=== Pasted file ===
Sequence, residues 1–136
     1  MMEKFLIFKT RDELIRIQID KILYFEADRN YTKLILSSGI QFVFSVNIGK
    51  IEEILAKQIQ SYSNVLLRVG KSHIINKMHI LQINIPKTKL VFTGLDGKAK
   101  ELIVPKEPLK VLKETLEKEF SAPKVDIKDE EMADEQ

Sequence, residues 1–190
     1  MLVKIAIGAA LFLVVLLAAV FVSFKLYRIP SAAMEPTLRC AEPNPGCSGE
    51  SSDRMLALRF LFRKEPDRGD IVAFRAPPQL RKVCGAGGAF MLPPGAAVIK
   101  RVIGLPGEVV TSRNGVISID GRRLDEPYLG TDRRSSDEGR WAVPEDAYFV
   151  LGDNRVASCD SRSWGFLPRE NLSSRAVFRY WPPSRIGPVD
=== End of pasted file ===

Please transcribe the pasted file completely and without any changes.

Sequence, residues 1–136
     1  MMEKFLIFKT RDELIRIQID KILYFEADRN YTKLILSSGI QFVFSVNIGK
    51  IEEILAKQIQ SYSNVLLRVG KSHIINKMHI LQINIPKTKL VFTGLDGKAK
   101  ELIVPKEPLK VLKETLEKEF SAPKVDIKDE EMADEQ

Sequence, residues 1–190
     1  MLVKIAIGAA LFLVVLLAAV FVSFKLYRIP SAAMEPTLRC AEPNPGCSGE
    51  SSDRMLALRF LFRKEPDRGD IVAFRAPPQL RKVCGAGGAF MLPPGAAVIK
   101  RVIGLPGEVV TSRNGVISID GRRLDEPYLG TDRRSSDEGR WAVPEDAYFV
   151  LGDNRVASCD SRSWGFLPRE NLSSRAVFRY WPPSRIGPVD